We sat in on several classes and watched the teachers engage the kids with questions, facts and challenges. Each class seemed to be its own world — with the different learners and the teachers' different styles shaping the students' experience.
Here is a snapshot of two English classes, each challenging the students in a different way.
Ms. Hults' First Period General English Class
Elizabeth Hults exuded energy early in the morning, as she greeted each one of her students with an affectionate smile at the door. Hults, 29, of Forked River was wearing black and orange, the vivid Barnegat Bengal colors.
"I've been called very dynamic," she said. In the classroom, she had her students walk around and write ideas on posters she had pinned on the walls.
In breaks between activities, Hults played music. "To move the energy around," she said.
Hults teaches a group of kids of varying abilities — some exceptionally bright, some needing extra help, she said.
"It's an academically heterogeneous group of learners," Hults said. "Ity's culturally diverse. As far as their learning levels, they vary. There's a special ed population with several students here who have IEPs (Individualized Education Programs)."
Hults said she tries to keep her students engaged by choosing controversial through-provoking material that is related directly to their lives.
"My kids are very real," Hults said. "They're street smart. They have a knowledge beyond what an honors or an AP student would have. They have world knowledge. Some days I just want to take them home with me. They have tough home lives, some of them."
Hults said she sees her biggest challenge in reaching this group is "instilling intrinsic motivation" when at home some of these students face problems others only read about, such as a parent's suicide attempt or a family member passing away from overdosing on heroin.
"If you don't believe in you, I'll believe in you for you — it's so hard to do that sometimes," Hults said.
Just recently, Hults had started her class on a book "After" by Francine Prose, which Hults described as a post-Columbine, "almost post modernist kind of a novel" set at a fictional high school. The book portrays a school shooting and discusses what happens when the safety students take for granted every day is breached.
On the morning of our visit, Hults read an excerpt from the novel, then presented a documentary about the Columbine shooting, which she followed up with a discussion about safety, rules, bullying, violence and censorship.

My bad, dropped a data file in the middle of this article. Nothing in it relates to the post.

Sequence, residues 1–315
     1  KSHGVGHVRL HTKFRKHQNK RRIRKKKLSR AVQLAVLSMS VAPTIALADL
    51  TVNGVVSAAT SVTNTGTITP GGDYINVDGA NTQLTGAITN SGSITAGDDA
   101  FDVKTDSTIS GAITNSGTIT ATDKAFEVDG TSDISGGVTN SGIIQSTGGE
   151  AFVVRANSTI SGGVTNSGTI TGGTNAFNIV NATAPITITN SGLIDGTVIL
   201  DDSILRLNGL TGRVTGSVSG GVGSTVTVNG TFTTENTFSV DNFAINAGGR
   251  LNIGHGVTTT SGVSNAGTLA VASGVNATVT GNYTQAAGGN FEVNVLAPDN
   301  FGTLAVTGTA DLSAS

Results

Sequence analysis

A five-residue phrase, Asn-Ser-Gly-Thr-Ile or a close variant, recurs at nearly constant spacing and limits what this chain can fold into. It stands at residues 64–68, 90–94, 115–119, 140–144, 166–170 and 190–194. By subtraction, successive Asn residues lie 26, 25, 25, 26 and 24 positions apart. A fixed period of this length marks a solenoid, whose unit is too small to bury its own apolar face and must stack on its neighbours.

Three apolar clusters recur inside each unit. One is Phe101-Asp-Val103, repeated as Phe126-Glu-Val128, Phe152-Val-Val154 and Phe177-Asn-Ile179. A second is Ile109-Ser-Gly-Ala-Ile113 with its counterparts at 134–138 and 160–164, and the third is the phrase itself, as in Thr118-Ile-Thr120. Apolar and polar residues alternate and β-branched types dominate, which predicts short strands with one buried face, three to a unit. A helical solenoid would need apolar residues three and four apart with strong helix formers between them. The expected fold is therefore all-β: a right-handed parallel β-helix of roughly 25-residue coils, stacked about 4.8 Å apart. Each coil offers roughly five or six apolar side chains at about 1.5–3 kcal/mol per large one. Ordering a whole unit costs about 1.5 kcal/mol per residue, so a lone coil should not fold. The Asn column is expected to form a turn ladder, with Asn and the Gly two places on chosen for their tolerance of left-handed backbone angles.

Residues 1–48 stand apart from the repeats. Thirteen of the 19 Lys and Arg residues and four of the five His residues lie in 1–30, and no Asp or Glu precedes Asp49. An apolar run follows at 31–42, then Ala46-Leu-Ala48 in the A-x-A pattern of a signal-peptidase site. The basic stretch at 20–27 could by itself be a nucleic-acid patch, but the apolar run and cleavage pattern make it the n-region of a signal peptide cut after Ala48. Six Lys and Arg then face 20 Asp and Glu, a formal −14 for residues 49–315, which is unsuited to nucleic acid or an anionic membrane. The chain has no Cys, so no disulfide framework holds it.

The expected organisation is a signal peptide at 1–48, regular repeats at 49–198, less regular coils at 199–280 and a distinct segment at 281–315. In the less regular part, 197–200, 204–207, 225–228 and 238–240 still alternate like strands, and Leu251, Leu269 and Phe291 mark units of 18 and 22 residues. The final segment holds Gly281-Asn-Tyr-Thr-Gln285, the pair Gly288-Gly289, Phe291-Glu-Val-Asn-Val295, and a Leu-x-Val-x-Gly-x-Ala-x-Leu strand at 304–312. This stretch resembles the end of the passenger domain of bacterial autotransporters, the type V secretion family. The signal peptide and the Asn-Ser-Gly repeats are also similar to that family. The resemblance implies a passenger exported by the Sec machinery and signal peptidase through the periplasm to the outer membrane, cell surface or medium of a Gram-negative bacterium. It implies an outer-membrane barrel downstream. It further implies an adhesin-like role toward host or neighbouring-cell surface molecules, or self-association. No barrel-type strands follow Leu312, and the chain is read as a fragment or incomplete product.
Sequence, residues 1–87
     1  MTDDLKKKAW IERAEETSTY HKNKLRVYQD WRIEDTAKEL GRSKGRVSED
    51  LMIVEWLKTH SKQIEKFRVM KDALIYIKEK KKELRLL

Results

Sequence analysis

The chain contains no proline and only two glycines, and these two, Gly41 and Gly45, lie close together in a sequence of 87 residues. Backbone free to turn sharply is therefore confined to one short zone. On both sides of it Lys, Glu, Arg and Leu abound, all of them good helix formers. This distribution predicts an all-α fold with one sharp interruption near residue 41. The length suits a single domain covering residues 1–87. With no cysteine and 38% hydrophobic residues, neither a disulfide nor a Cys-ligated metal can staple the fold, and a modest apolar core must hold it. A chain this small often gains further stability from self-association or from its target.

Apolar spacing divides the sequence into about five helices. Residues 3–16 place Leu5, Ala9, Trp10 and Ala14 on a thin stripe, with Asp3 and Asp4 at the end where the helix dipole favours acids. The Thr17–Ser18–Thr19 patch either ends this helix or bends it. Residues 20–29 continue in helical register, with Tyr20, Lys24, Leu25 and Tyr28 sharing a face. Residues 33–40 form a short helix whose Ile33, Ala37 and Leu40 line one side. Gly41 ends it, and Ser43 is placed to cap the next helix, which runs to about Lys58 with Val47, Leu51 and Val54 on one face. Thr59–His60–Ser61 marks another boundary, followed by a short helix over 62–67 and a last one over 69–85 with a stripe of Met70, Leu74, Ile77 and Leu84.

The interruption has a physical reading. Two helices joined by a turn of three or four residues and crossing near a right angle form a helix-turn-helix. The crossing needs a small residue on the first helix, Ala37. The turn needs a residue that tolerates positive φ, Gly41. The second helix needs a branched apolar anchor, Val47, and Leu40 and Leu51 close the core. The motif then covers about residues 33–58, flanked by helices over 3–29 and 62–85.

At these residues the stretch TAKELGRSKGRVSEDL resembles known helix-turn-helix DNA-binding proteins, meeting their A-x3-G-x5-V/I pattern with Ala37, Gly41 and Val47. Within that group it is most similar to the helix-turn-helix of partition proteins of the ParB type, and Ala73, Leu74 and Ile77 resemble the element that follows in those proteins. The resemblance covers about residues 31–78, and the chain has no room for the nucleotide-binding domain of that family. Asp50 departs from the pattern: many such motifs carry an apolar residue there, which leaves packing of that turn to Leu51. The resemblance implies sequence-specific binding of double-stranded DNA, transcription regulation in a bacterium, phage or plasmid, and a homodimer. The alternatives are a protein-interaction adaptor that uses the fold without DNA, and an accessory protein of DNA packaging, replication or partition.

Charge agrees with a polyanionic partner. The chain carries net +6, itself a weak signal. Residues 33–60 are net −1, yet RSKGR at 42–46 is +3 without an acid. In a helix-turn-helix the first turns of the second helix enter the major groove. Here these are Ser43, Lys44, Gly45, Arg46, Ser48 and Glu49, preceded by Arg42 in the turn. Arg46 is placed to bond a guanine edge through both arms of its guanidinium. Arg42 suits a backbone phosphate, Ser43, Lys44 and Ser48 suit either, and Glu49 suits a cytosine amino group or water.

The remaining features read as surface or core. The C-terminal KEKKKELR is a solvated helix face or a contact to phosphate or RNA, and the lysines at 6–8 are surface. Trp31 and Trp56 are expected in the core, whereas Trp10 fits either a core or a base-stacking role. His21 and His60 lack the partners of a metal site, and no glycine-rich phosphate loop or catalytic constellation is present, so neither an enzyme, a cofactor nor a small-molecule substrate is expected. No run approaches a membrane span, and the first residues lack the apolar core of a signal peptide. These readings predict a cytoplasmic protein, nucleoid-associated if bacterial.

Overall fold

"Literature is supposed to let us go within ourselves," she told the class.
"I enjoy this class," said Anthony Littell, 16. "She relates to students, she knows what she's talking about, and she is really nice."
Littell said he really liked going over Shakespeare and poetry in this class.
"It inspired me," he said.
As for the Columbine shooting documentary, Littell said it was "shocking."
"I think it's good that this happened in some ways, because now we're better prepared for something that could be much worse," he said.
"We always have fun here," said Keith Macavoy, 17.
"The class has its (good) moments," said Evan McDermott, 16. "The teacher is great. But for me, for the most part, the class is boring."
"She's good; she tries to wake us all up," said Alyssa Priestley, 17.
Priestley said she was impressed with that morning's lesson.
"It shows you what's out there," she said.
Ms. Beaudoin's Second Period Class
In another part of the building, the class started off with silence, as student copied their vocabulary words: apropos, arduous, bane, gauche, megalomania, strident, tenuous.
The students have learned 375 such words this year, according to the teacher Susan Beaudoin.
As the students were finishing up, the teacher engaged them in light conversation. The atmosphere in the classroom reminded this observer of a college seminar — or maybe an office — where the teacher and the students are colleagues, exchanging easy banter as they work cheerfully together on their daily routine.
"Last list for the school year — yay!" said Beaudoin, 28, of Beach Haven, then she spoke some more about last tests, deadlines, projects and assignments for the year.
"I will be assigning one more little goody that will be due on the 29th," she said. "If you're stressing out about the test, come talk to me after school."
After the vocabulary words were noted and all the deadlines discussed, Beaudoin went ahead with a book discussion of "Brave New World" by Aldous Huxley, a futuristic 1932 novel set in London.
"I like to teach novels that really relate to where our society is now and where it's going," Beaudoin said.
As the discussion progressed, students talked about experiencing different emotions, feeling insignificant, conflicting desires and clashes of points of view, young people being exposed to old age and other themes related to the novel.
The discussions are the best part of working with her group, Beaudoin said.
"My students are engaging, creative, smart and fun," she said. "We just really have great conversations."
As for the flip side of the coin, Beaudoin admitted there was a challenge to teaching a group of such bright children now getting ready to graduate.
"I teach seniors, and they're kind of on that cusp between now and college," she said. "They're almost adults, but they're not adults yet. I can expect a lot of them, and yet I still have to give them guidance."
"These [honors] classes are supposed to be difficult, but she makes it very easy," said Grant Bilker, 18, one of Beaudoin's students. "The workload never gets to a point where it becomes impossible."
In this class, Bilker said he has learned "how to analyze books comparatively from every perspective, beyond just your gut reaction," he said. "That's something that will prove useful in literature and in life."